EHRC briefing on Domestic Abuse Bill 2nd reading in HoL
EHRC have released a briefing on proposed amendments to the Domestic Abuse Bill.
The Bill is intended to be a once-in-a-generation opportunity to transform the response to this crime, which disproportionately impacts women and girls. We welcome the opportunity the Bill presents to ensure better support and protection for survivors of domestic abuse in England and Wales. A number of constructive improvements to the Bill have been made by Government since the Bill began its passage.
However, we consider that substantive changes to the Bill are still required for it to be the transformative legislation the Government aims it to be, to support all survivors and to ensure UK compliance with the Convention on Preventing and Combatting Violence against Women and Domestic Violence (the Istanbul Convention) and with the UN Convention on the Elimination of All Forms of Discrimination against Women (CEDAW).
We recommend changes to the Bill in five priority areas to ensure:
- Sufficient specialist support services, provided in the community as well as in refuges, and available to all without discrimination. This should include a duty to provide: community-based services (as well as refuge-based services which are covered in Part 4 of the Bill); sufficient specialist services for groups with protected characteristics, and those with migrant status; services for children and young people; and perpetrator programmes.
- Equal protection and support for migrant survivors, including: a non-discrimination principle in the Bill; extension to the Domestic Violence Rule to provide a route for all survivors to regularise their immigration status (preventing immigration status from being used as a tool of coercive control); and a prohibition on sharing survivors’ personal data for immigration purposes, where that data is given by a survivor seeking support for domestic abuse.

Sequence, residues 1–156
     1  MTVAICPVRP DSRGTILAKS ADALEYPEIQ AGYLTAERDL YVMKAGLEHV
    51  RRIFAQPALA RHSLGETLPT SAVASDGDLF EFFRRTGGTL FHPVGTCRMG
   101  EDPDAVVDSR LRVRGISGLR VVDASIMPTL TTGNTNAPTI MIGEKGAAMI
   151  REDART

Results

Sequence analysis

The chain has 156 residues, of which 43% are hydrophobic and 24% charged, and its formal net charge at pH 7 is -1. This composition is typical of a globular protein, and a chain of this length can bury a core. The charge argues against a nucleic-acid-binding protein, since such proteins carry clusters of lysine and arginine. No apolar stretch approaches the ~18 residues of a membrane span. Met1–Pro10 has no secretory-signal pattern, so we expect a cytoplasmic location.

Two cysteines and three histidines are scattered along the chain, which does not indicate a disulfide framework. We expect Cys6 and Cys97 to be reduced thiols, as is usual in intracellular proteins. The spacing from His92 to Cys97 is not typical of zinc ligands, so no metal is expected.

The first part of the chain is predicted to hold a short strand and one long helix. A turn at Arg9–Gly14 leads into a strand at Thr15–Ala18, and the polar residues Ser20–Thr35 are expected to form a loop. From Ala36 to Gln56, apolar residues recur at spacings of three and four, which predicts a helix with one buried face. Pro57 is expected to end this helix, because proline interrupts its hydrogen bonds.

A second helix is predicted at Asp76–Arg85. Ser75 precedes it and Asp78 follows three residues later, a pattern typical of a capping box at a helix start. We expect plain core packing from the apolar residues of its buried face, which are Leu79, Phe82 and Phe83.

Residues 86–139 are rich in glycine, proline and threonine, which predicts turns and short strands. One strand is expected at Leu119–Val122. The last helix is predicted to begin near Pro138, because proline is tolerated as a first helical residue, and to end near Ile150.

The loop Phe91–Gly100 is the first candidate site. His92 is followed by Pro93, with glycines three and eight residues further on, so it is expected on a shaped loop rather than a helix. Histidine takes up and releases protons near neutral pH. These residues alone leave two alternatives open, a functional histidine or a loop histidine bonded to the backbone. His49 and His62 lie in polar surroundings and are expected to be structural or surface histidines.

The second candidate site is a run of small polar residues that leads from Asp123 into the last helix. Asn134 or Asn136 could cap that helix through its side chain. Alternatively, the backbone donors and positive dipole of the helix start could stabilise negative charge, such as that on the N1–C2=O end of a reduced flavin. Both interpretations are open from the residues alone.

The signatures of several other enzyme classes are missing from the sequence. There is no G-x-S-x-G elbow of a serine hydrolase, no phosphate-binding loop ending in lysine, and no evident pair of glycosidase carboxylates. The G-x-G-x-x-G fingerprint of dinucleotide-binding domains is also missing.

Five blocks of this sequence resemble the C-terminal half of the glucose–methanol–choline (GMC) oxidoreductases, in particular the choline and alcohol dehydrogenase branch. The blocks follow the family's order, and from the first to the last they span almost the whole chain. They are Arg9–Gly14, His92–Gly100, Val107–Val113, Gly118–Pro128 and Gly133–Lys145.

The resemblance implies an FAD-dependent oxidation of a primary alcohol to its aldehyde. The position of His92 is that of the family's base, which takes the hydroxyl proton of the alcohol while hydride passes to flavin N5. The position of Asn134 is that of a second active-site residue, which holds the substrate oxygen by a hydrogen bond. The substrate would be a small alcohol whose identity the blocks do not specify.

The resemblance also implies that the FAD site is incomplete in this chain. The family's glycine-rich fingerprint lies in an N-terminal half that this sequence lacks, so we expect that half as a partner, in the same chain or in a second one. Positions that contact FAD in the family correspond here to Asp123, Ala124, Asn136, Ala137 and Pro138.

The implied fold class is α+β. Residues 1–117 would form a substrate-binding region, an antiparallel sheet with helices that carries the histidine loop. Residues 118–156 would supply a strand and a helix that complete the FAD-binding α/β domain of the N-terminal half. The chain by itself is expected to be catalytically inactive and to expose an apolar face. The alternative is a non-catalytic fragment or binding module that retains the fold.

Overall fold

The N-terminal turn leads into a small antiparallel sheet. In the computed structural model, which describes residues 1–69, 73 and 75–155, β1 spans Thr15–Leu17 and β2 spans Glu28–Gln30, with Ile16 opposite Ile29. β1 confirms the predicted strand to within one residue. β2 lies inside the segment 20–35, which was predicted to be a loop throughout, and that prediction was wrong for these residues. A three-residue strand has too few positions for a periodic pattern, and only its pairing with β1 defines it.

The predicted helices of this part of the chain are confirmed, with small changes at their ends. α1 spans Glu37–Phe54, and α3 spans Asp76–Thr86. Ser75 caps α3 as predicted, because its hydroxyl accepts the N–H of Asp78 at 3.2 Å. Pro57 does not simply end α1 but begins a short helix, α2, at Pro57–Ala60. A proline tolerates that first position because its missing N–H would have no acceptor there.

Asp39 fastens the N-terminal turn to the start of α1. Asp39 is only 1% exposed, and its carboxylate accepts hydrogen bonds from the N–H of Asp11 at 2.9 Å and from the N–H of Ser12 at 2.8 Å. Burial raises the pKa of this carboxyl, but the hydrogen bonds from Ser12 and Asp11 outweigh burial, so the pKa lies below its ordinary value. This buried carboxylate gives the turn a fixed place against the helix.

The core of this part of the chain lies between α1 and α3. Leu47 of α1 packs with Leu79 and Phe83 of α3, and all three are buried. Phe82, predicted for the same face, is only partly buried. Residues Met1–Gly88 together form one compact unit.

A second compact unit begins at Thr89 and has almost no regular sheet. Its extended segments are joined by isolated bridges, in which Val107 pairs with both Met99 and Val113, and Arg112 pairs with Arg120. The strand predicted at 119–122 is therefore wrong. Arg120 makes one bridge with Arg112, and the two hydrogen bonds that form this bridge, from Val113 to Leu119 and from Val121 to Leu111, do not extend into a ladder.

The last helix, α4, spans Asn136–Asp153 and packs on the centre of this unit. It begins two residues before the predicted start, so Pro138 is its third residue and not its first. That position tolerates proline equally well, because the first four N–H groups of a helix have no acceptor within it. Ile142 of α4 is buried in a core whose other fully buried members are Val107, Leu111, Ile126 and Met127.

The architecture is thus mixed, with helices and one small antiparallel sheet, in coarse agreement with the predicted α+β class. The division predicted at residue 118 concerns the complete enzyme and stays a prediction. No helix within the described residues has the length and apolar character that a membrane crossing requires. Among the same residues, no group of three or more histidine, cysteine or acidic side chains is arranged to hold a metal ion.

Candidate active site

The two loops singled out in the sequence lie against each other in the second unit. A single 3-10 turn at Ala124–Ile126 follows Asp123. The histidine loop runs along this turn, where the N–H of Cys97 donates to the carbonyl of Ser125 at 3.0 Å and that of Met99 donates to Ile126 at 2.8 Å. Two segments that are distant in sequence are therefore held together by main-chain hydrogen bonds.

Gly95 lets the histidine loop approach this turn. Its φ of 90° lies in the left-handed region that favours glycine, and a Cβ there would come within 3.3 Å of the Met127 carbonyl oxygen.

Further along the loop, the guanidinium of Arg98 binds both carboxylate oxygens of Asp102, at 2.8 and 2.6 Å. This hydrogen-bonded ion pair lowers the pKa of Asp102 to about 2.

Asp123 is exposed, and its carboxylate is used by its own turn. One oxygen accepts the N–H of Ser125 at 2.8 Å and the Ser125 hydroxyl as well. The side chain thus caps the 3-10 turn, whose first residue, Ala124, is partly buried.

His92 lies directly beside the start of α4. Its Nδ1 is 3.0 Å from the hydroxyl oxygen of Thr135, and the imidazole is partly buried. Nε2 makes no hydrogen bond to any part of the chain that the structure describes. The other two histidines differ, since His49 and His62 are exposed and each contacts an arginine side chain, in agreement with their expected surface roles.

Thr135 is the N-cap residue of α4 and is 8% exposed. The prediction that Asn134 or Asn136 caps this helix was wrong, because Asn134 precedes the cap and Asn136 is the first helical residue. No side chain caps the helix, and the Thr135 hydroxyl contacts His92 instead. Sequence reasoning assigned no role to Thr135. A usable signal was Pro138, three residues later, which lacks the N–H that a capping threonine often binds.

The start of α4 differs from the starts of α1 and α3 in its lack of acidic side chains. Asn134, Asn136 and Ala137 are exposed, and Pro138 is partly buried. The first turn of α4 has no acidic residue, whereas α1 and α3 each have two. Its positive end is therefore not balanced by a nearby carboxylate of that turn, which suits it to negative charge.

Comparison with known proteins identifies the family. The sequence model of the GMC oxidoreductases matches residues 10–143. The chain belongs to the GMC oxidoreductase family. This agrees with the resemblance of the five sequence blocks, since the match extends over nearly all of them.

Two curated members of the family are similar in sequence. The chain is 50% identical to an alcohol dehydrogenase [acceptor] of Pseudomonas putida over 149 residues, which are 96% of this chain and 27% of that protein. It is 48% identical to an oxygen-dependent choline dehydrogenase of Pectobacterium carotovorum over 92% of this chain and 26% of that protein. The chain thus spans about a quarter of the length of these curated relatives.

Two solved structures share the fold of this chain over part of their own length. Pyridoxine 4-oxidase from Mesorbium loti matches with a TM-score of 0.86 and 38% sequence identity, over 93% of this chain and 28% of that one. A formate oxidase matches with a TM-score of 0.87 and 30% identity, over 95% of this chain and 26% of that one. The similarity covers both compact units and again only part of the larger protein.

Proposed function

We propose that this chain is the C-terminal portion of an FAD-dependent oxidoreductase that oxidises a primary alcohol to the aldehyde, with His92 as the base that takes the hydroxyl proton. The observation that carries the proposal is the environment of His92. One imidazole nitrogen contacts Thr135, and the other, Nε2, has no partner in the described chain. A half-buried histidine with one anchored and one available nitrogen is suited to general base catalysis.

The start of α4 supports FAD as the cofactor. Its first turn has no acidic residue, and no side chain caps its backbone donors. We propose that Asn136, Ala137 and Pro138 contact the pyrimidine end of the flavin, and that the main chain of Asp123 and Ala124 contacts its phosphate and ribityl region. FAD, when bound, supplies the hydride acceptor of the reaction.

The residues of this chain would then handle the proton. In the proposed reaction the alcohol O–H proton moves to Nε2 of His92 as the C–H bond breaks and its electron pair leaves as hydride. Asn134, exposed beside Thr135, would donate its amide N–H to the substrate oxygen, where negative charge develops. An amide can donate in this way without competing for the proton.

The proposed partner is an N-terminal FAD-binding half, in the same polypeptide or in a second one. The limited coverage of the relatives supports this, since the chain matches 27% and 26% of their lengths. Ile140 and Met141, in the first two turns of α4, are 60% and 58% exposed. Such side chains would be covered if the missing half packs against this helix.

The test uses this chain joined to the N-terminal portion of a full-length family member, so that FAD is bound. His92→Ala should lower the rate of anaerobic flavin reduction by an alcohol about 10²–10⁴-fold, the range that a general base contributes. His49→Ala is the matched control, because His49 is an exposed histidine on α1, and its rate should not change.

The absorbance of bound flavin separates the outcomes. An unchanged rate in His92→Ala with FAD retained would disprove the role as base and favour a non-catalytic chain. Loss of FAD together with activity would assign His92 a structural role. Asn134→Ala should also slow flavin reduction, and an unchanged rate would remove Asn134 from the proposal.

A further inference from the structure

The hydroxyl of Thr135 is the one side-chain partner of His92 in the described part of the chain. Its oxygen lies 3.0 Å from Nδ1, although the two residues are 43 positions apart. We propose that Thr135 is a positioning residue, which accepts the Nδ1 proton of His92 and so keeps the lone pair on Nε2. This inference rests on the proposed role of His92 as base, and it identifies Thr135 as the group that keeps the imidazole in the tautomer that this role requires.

- Improved protections for survivors in the courts, with special measures and a prohibition on cross-examination in person available automatically in all cases where domestic abuse is declared to be an issue, and consistency of protection across all court jurisdictions.
- Improved protections for disabled survivors subject to coercive control, through repealing the ‘best interests’ defence to the crime of coercive control, introduced in the Serious Crime Act 2015 (section 76).This would help ensure disabled survivors receive equal protection from the crime of coercive control.
- Guidance issued under the Bill to take into account the cross-government violence against women and girls (VAWG) strategy, to ensure consistency of approach towards domestic abuse as a form of VAWG, and that the gendered nature of domestic abuse is taken into account in responding to this crime.”
You can read the full briefing here.